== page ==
“If you don’t hunt, you might not understand it. It’s a bit like explaining the Eucharist to a Hindu.”
I did not grow up hunting. My father is not a hunter, nor were my grandfathers. It is a chosen avocation of mine, often distasteful to those who share my vocation. I have yet to meet another PhD in theology in the field. Instead, I hunt with firefighters and Army Reservists and computer repairmen.
I hunt only birds, because hunting for me is all about the dog. It all starts with the dog. …
I cannot quite describe for you the allure of the hunt: the joy in watching a dog you’ve trained do exactly what you’d hoped; fighting back the heartbeat in your ears with the whistle of duck wings; the adrenaline rush with the cackle of a rooster taking flight; the satisfaction of bringing game to the table.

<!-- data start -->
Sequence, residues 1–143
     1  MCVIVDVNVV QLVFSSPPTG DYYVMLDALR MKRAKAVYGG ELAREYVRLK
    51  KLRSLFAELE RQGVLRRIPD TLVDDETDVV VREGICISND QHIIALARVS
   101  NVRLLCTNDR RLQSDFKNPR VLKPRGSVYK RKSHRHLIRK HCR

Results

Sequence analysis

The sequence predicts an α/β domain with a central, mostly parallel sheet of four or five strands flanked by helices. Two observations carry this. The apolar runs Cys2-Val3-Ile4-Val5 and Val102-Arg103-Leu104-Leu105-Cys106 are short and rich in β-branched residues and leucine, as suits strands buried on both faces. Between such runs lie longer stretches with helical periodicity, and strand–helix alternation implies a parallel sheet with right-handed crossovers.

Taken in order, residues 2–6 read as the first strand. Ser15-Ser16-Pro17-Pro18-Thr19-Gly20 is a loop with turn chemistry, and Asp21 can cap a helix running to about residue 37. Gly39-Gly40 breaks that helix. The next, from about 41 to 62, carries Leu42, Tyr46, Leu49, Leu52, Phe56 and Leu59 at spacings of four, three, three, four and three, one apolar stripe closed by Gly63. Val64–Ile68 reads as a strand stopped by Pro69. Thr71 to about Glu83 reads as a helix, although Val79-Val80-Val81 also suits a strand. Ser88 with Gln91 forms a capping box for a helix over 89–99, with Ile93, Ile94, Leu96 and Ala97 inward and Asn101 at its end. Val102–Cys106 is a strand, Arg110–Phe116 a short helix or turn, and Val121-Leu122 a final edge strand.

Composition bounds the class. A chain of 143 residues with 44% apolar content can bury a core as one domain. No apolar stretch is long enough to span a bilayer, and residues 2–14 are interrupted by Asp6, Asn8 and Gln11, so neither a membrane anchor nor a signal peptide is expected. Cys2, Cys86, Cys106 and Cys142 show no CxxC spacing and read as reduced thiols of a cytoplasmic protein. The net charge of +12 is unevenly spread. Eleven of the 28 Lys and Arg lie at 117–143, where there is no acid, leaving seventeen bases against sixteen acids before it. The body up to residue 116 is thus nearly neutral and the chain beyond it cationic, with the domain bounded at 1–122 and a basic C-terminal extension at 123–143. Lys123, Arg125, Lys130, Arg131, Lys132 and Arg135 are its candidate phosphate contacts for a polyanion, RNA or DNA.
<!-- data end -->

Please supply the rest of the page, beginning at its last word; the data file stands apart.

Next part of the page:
I cannot quite explain that fully-orbed experience. But I can tell you at least this much: if you don’t hunt, you might not understand it. It’s a bit like explaining the Eucharist to a Hindu. We are eating flesh and drinking blood, to be sure.
But it’s different than that.
It’s more sublime than that.